Last year Soho Press announced that they would be expanding to include a YA imprint, Soho Teen.  This imprint will be publishing teen thrillers and mysteries.  I'm always excited about new imprints so I decided to check them out.  They very nicely sent me an ARC of their first release, which is now out in stores, What We Saw At Night.  It centers around a group of three teens who all suffer from a deadly allergy to sunlight.  Thus, they must live their lives at night.  They own their small town after sunset but when one of them thinks that she witnesses a murder, the Rear Window action starts.  

  • The concept is really cool:  There were so many aspects of this book that were new and different and I really appreciated that.  In particular I love the concept of kids who were confined to the night.  It adds a whole new world of opportunities and challenges for the author to play with.  Throw in the thrilling sport of Parkour and you've got a great backdrop.
  • The disorder is very nicely explored:  I admired how Mitchard didn't simply use the disease as a crutch.  She really explored the ins and outs of XP and this led to a greater understanding and therefore appreciation of her characters.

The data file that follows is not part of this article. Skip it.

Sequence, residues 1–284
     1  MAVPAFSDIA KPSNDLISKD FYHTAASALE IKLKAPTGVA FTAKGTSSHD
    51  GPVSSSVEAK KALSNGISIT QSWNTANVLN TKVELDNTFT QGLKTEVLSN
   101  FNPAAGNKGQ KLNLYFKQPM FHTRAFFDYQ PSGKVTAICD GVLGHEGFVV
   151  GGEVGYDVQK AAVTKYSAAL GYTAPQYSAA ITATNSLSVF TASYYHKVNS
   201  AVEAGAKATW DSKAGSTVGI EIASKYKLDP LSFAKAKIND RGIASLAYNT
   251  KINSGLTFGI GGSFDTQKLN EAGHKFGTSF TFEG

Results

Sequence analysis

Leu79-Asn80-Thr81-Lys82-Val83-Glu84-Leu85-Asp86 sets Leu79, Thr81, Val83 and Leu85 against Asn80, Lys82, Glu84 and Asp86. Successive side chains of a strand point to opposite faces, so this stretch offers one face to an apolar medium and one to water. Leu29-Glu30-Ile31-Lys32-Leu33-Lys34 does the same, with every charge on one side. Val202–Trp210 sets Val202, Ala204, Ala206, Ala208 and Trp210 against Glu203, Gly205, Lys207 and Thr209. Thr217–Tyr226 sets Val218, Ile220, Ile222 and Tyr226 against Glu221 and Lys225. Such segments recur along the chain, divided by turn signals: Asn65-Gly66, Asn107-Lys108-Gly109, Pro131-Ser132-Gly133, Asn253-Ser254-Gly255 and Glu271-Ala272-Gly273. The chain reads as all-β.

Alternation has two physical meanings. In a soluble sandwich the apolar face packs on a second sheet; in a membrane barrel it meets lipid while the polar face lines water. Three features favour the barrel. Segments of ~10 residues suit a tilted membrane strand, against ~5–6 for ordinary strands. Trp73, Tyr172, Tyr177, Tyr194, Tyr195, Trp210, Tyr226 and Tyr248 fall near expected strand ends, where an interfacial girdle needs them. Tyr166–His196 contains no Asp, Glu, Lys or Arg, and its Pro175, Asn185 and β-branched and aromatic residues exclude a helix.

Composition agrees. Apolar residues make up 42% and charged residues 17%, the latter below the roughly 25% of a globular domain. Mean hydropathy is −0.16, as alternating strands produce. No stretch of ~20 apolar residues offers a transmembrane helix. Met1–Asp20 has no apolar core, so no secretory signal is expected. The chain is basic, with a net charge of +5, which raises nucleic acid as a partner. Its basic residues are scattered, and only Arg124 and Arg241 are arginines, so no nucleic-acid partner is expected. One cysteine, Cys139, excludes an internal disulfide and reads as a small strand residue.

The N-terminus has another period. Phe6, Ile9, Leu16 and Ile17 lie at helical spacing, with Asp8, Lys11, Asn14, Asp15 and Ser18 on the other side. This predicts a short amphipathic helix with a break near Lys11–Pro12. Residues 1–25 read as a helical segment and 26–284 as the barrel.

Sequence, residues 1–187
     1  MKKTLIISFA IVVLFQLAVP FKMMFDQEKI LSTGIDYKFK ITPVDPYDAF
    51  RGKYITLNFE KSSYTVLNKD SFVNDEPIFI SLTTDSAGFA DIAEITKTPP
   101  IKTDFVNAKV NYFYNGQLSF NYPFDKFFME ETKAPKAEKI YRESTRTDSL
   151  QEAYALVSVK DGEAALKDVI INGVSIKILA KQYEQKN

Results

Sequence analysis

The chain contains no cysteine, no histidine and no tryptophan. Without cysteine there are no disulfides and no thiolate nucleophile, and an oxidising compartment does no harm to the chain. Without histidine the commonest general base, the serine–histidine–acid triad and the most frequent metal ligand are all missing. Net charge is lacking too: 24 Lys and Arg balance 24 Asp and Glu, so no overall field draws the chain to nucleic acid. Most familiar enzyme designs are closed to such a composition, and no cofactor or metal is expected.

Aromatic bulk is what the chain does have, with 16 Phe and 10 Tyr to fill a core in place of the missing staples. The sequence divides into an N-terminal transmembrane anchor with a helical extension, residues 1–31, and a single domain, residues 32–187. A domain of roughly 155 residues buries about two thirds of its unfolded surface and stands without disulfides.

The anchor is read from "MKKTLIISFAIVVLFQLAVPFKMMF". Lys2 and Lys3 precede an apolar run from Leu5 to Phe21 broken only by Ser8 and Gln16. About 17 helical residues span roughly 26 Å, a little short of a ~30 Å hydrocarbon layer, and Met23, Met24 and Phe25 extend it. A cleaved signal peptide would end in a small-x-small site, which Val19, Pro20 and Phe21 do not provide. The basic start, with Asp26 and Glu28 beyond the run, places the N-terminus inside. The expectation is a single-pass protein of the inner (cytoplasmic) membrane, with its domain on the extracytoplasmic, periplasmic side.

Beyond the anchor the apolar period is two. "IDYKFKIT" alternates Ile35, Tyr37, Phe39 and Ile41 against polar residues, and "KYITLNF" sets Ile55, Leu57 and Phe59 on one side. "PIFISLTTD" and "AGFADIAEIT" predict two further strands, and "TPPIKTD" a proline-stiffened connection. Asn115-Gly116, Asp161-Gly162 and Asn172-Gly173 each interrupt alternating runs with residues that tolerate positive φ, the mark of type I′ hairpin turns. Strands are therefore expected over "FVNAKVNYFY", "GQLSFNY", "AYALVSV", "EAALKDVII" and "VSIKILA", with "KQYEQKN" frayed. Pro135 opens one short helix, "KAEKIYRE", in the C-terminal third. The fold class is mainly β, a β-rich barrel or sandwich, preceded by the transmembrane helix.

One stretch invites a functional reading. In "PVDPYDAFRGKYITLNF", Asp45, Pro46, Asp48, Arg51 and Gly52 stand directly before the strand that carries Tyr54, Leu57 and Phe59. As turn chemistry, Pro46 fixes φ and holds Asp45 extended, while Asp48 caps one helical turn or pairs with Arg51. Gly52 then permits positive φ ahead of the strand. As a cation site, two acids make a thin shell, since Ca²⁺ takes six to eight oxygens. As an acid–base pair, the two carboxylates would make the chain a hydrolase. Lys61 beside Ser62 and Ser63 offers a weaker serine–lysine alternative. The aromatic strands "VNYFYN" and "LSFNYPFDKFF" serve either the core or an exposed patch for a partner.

• The suspense is great:  Once the story gets going, the suspense is wonderful.  There were several scenes that will stay with me for a long time.  


  • The action, particularly the Parkour, is hard to visualize:  The Parkour aspect of the book was cool, but since I don't know much about the sport it was hard to visualize many of the action scenes.  The author used a lot of jargon and, while she explained it, it still made it hard to picture what was going on.  
  • It takes a little bit to get going:  There was a bit of a pacing problem especially in the first half of the book.  This is a pretty short book and so the pacing really needed to pick up a bit.  Luckily, the second half was better.
  • I just didn't like Juliet:  I'm sorry but it had to be said.  She's manipulative, hard and I didn't find anything about her very redeeming.  She's pretty much a terrible friend  and so I had a really hard time getting into the parts of the story where the reader was supposed to feel for her.
  • Someone needs to call the police:  Okay, to be fair, the police are called initially and nothing comes of it, but I just felt like if Allie would have gone to her mother or the cops sooner everything would have gone a lot smoother.  Of course, I realize that then we wouldn't have a book, but it's just hard for me to understand a character that believes she is in mortal danger and doesn't run to the cops or someone in an authority position.  

 I'm very happy that I was able to read What We Saw At Night. Overall, it was a very unique, cool little book.  There is a sequel in the works and it will be interesting to see where the author takes these characters.  If you're looking for good thriller with a different setup, you should check this one out.  I think it would have a lot of potential as a film as well.  I look forward to reading more from Mitchard and Soho Teen.

Buy The Book Now at The Book Depository, Free Delivery World Wide

Sunday, January 20, 2013

Monday, January 14, 2013

Review and Giveaway: Splintered by A.G. Howard

SplinteredAuthor: A.G. Howard
Genre:  Fairytale, Fantasy